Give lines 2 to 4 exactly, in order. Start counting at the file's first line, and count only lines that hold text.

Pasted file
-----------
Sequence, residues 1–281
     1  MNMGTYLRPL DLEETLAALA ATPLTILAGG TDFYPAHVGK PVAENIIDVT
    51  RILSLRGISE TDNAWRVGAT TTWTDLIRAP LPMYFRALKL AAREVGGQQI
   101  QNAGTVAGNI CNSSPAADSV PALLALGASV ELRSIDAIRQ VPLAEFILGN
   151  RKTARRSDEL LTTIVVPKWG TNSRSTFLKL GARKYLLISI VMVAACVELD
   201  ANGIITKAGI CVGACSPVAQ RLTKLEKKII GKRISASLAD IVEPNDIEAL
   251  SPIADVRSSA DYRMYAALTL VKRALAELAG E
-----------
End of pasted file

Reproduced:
     1  MNMGTYLRPL DLEETLAALA ATPLTILAGG TDFYPAHVGK PVAENIIDVT
    51  RILSLRGISE TDNAWRVGAT TTWTDLIRAP LPMYFRALKL AAREVGGQQI
   101  QNAGTVAGNI CNSSPAADSV PALLALGASV ELRSIDAIRQ VPLAEFILGN